The same thing happened again with the arches next to the river,DHSS office and Playhouse, a skipper Eyes had used for many weeks in the past - to the point that she still had an old mattress hidden in the bushes there. It was well hidden and well covered, and the wind blew through it at just the right angle to make an open firepit inside a realistic proposition - many a night was spent burning scavenged pallet wood and watching the flames light up the low tunnel walls as we dozed off in the warm woodsmoke. Sadly, this too came to an end after unseasonably rainy weather made the river rise enough to flood us out, so on we moved again.
As I think I've said before, Mick was always someone around whom there was an atmosphere. Eyes alternated between relaxation and fear, whilst Man veered from open hostility to over-compensating friendliness, both of which Mick himself saw straight through. He seemed to consider Eyes' reaction totally normal, it was Man who he engaged in an ongoing game of one-upmanship, and invariably Mick won. Whatever the history was, it was this loud, toothless, middle-aged Scotsman that even Man was forced to thank when he announced with fortuitous timing that he had re-opened a favourite old skipper of years gone by and invited us to join him in it. If you head out of Salisbury town centre along Fisherton Street you will come to a gap in the facades, on the corner of which is a yellow-painted shop selling carpets, next to a Chinese Restaurant - or at least there was then. Head along the side of that building and you came to a small two storey warehouse with no obvious means of entry. Along the far side was a board, and was this that Mick had loosened in order to reclaim the squat known since time immemorial as the Carpet Skipper.
Obviously approaching the place past the shop and owners' flat above was a no-no, so we got there from behind, scrambling over rough ground, squeezing past the end of another building and under or over a barbed wire fence before slithering down the final bank to approach the building. The contentiousness of this particular spot meant that stealth was paramount - we only ever entered or left under cover of semi-darkness, and if you were in during that day that was it, you stayed in until twilight. On the plus side, once you were actually in, no-one could tell you were there, which meant that lazy Sundays at home became a reality for the first time since I left my mother.
Inside, the initial view was not encouraging. An inky black space was filled entirely with indeterminate junk, with no available clear floor to camp on. But over in the corner was a pool of light, and careful picking through the debris revealed it to be a staircase. Climbing up was a precarious feat, as so many steps were unstable or had rotted away completely, but it was worth it, because the first floor room was as close to paradise as we were ever likely to find. The room was warm and weatherproof, and on split-levels, which protected the main area from stairwell drafts. The pitched roof was open to the beams, with a ledge running around the top of the walls where a ceiling had once been. To the left was a decent sized window, complete with intact glass. It faced onto the back of the Chinese, so no-one could see a light up there, and the constant hum of the catering fans gave the illusion of cozy heat (the weather had in fact improved by then) and provided a comforting audio backdrop with which to block out the world and relax. It was obvious why this place had been the scene of so many fights and arguements, and had persistently been reopened despite the owner's best efforts to board it up and abandon it to the ravages of time.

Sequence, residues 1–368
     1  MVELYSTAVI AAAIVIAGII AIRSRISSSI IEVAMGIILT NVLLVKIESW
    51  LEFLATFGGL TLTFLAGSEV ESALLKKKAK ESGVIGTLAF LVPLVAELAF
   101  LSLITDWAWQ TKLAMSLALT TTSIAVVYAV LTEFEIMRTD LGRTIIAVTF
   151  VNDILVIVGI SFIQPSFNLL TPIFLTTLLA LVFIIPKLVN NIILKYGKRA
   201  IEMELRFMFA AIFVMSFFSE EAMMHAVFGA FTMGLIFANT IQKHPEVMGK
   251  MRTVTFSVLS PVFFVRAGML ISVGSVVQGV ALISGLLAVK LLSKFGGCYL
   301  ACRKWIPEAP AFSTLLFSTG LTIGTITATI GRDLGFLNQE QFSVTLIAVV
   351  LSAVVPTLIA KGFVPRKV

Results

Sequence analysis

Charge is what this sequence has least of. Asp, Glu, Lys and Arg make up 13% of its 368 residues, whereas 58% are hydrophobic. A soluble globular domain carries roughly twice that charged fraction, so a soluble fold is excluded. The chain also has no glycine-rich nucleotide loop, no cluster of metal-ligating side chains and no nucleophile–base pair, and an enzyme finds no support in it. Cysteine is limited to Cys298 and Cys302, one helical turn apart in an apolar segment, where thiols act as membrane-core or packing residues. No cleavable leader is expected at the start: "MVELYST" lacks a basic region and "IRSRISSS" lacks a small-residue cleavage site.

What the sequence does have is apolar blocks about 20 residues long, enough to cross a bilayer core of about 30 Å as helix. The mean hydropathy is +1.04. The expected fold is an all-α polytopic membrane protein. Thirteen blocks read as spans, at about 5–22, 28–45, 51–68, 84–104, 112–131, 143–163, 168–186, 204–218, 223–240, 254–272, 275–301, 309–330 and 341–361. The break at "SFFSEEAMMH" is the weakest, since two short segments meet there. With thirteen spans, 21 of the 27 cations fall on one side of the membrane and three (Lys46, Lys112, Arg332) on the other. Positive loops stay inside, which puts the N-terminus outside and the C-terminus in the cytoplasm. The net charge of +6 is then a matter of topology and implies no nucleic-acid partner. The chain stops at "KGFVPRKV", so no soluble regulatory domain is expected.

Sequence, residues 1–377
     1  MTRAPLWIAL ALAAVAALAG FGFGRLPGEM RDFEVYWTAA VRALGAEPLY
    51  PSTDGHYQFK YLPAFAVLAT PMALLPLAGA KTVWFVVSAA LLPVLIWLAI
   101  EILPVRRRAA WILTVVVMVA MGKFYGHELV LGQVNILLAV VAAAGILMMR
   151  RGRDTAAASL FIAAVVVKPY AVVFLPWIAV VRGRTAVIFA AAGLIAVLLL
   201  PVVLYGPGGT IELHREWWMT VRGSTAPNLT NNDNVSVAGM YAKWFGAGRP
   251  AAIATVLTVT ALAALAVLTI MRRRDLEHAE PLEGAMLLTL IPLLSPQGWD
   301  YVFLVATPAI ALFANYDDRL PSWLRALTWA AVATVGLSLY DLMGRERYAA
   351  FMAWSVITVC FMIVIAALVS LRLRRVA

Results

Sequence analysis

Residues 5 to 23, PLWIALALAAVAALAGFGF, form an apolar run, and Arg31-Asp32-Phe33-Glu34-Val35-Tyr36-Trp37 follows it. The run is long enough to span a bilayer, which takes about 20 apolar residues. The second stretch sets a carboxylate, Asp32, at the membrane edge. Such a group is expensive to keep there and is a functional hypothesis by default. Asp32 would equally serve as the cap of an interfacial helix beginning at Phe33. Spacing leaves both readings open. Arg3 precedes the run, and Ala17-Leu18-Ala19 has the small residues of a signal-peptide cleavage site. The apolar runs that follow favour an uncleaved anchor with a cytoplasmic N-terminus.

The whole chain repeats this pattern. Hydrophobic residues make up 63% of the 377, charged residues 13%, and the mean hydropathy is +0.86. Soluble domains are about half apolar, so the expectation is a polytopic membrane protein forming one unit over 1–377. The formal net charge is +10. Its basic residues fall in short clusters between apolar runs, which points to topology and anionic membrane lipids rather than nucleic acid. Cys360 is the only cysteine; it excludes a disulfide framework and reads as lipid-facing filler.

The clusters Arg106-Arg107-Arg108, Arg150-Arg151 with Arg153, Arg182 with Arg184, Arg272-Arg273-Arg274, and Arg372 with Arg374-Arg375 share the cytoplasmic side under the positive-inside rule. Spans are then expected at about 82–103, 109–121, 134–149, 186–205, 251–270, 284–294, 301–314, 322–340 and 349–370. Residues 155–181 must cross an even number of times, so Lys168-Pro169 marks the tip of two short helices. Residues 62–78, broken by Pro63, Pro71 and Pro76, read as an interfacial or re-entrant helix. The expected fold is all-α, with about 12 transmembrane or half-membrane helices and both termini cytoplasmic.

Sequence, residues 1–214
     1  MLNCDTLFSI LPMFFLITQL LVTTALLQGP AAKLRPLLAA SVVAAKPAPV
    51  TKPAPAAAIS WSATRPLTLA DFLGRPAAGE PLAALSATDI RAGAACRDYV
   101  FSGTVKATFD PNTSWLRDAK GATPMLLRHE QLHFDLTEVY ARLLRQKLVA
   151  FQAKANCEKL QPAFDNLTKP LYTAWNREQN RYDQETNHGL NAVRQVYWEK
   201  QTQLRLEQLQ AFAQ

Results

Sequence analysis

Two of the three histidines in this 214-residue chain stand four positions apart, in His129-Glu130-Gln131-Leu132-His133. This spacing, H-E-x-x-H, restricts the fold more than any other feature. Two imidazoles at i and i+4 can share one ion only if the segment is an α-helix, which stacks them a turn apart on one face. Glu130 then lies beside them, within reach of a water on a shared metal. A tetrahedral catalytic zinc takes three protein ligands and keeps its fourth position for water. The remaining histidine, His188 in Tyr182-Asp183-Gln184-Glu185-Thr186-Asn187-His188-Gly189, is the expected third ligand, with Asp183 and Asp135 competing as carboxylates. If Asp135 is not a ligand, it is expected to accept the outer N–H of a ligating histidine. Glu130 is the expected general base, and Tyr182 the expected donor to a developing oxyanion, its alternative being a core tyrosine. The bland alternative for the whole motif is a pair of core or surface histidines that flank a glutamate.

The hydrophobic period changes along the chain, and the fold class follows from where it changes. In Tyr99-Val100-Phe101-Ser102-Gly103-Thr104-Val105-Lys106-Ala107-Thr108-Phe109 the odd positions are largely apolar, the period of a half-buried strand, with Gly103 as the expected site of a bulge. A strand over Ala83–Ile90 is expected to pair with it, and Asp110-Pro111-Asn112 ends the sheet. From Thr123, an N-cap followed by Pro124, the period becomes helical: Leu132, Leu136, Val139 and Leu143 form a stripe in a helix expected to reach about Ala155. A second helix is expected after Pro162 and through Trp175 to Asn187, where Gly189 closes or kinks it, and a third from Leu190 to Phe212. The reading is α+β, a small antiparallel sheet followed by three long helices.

Mick and Dog had the right hand side of the room, and we had the left, with all dog bowls on the lower level area by the top of the stairs. There was room for our stoves and other personal tat in the middle, and candles were placed on the various ledges and the windowsill. No skipper is perfect and I suppose it was inevitable that we would not be the only living creatures to seek refuge here. At night you could here scratching and scattering around the top of the room, and dark shapes darting about, even running across the main beam which traversed the space above our heads. JD went mad trying to work out where the noise was coming from, and after a couple of days our new neighbours became bolder and took to the floor. Our staple diet was Gilpa Value (Value Mix), and any which was not eaten the night before would be gone by morning. We soon learnt to eat it or lose it.
Things came to a head when I woke up early one morning five or six days after we arrived, to hear a Eyes emit a kind of strangled squeak. Tunnelling up to the top of the bedding, I saw the startled look on her face and turned to the wall as she had, only to see an enormous black rat which had emerged from a hole in the brickwork there. It was up on it's hindquarters less than three inches from her face, chattering it's yellowed teeth and rubbing it's forepaws together as if in glee. At this point I finally found my voice, and my first ever bark (although it was more of a yap) was heard in our joint defence. The rat vanished back into the wall, the hole was boarded up to prevent a repeat performance, and I was the tiny hero of the day at all of ten weeks old.
Once animals and humans alike had agreed on which bits of the skipper belonged to who, we settled into a pretty harmonious peace - even Mick and Man called a truce for the duration of our stay. The benefits of good sleep and warm nights soon showed themselves in all our faces as we marched brightly into town to the Library Steps together each morning, and life's gentle routine ticked on, unencumbered by bags and trolleys once more.